"To me, the very least of all saints, this grace was given, to preach to the Gentiles the unfathomable riches of Christ, and to bring to light what is the administration of the mystery which for ages has been hidden in God who created all things" (Ephesians 3:8-9)Paul was not only given a ministry, but a sphere of ministry. Upon his conversion, God spoke concerning Paul, "he is a chosen instrument of Mine, to bear My name before the Gentiles and kings and the sons of Israel; for I will show him how much he must suffer for My name's sake." (Acts 9:15-16) While Paul was more than willing to preach the Gospel to the Jews, he understood that his primary ministry was to the gentiles. Speaking of himself and Peter, Paul readily acknowledges the differing spheres of ministry given to each of them, "for He who effectually worked for Peter in his apostleship to the circumcised effectually worked for me also to the Gentiles." (Galatians 2:8) For Paul and Peter, it wasn't a competition between the two of them. They each had their own calling and they each had their own sphere of ministry where they each labored according to the grace of God given to them.
It is important not only to be called, but to understand to where we are called. We must always remember that we are not "the whole enchilada," but we are only a part of the greater body and ministry of Christ. Our job is not to do it all, but simply to do our part. In doing so, we must be content with the part God has called us to play and not strive to be like someone else or to press into areas and spheres of ministry to where God has not called us. Our focus must always be on what God had called us to do and not to boast or try to infringe on what God has called others to do. Paul wrote, "But we will not boast beyond our measure, but within the measure of the sphere which God apportioned to us as a measure, to reach even as far as you. For we are not overextending ourselves, as if we did not reach to you, for we were the first to come even as far as you in the gospel of Christ; not boasting beyond our measure, that is, in other men's labors, but with the hope that as your faith grows, we will be, within our sphere, enlarged even more by you, so as to preach the gospel even to the regions beyond you, and not to boast in what has been accomplished in the sphere of another. But he who boasts is to boast in the Lord." (2 Corinthians 10:13-18) Contentment is a powerful virtue in Christ; to be content in what God has allotted to us, whether in blessings, possessions, or callings.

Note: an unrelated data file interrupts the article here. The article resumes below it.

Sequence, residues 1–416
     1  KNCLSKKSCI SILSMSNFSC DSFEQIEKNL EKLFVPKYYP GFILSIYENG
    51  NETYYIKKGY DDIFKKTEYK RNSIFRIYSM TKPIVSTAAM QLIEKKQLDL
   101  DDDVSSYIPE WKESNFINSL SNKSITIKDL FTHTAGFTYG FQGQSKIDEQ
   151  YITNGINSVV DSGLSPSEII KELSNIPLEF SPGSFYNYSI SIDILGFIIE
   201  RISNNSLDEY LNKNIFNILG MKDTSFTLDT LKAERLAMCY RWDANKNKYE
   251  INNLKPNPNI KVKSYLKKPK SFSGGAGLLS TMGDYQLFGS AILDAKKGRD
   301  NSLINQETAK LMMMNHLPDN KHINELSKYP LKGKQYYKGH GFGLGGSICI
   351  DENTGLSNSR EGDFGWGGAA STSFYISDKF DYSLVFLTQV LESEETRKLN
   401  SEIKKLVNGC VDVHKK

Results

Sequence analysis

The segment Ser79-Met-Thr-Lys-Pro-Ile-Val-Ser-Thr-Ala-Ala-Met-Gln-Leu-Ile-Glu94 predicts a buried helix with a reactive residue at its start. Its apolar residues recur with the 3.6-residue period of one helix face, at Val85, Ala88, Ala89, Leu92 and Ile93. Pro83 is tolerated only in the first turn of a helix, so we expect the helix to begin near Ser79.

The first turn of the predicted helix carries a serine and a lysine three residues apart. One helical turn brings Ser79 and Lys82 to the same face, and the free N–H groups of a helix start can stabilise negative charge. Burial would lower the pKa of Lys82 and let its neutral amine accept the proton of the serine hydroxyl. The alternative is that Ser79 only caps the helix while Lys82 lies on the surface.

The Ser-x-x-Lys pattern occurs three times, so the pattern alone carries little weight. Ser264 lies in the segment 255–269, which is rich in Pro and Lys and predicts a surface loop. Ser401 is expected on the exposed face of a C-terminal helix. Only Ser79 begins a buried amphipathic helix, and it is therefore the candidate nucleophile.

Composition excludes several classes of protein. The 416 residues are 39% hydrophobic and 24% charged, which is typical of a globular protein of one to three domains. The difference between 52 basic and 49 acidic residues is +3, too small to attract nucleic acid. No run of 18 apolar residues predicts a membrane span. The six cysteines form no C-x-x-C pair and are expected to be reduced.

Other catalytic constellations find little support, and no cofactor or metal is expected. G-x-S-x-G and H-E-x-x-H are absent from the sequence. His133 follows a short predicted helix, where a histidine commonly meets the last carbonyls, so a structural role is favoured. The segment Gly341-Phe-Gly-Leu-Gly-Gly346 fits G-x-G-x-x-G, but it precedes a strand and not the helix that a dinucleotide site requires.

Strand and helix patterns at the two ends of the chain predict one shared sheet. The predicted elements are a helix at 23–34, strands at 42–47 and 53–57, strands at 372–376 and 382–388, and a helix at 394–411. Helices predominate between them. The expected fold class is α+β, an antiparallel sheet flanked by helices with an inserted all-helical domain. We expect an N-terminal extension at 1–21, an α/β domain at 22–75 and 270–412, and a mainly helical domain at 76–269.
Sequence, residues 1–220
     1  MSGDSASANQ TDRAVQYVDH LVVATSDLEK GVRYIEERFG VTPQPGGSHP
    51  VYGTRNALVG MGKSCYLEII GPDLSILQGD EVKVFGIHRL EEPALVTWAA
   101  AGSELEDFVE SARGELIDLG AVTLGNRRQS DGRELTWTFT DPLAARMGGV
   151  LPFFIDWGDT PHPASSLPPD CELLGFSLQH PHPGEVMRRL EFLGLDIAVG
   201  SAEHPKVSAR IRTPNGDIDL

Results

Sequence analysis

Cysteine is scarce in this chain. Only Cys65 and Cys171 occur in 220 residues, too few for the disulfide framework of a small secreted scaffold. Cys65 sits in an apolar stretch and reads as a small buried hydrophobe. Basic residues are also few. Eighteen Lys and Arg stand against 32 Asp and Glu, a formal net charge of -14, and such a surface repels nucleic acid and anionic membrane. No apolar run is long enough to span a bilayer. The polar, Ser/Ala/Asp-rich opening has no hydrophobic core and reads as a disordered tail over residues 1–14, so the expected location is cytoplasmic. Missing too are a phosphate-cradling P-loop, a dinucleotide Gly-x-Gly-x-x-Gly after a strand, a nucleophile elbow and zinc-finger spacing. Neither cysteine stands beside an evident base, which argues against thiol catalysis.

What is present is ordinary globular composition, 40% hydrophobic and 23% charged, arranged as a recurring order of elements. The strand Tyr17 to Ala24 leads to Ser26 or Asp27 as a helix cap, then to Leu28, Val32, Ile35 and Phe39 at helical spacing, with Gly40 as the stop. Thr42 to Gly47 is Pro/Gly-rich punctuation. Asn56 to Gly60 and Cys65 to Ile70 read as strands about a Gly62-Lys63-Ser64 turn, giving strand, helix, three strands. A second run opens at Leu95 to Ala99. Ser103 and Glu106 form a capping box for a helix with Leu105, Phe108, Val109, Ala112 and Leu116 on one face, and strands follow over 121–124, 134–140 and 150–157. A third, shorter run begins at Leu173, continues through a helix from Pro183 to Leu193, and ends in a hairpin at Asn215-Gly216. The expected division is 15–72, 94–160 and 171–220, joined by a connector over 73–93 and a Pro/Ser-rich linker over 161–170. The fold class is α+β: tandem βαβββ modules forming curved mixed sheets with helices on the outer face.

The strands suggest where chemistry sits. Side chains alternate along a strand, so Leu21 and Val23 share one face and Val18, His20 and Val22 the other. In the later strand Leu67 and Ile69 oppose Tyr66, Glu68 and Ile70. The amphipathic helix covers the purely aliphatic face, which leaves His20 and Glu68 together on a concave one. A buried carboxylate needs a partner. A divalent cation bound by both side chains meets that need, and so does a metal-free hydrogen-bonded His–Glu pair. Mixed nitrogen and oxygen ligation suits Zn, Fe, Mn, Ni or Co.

The phrase, "the administration of the mystery" is a bit difficult to understand in its translation into English. The word "administration" is sometimes translated steward, stewardship, or dispensation. The idea is that the revelation, and distribution, of the mystery is entrusted to a steward to be delivered to those for whom it is intended in its proper time. For a long time, God kept this mystery a secret, but now God has announced the administration of this mystery when He commanded his disciples, "you will receive power when the Holy Spirit has come upon you; and you shall be My witnesses both in Jerusalem, and in all Judea and Samaria, and even to the remotest part of the earth." (Acts 1:8) The mystery was that all mankind was to be reconciled and invited into right relationship with Christ. Salvation was to come to all, not just the Jews, but all mankind. The administration of this salvation was first to the Jews, but subsequently also to the gentiles. Paul was called as a steward to deliver and proclaim this mystery among the gentiles; that they too were invited into the salvation of God. Salvation is not the private possession of a few. It is not for a select few who are chosen while the rest are rejected. It is for all, for as many who are near and for as many who are far off. All who will receive Him, He will save. This includes and most certainly extend even unto us!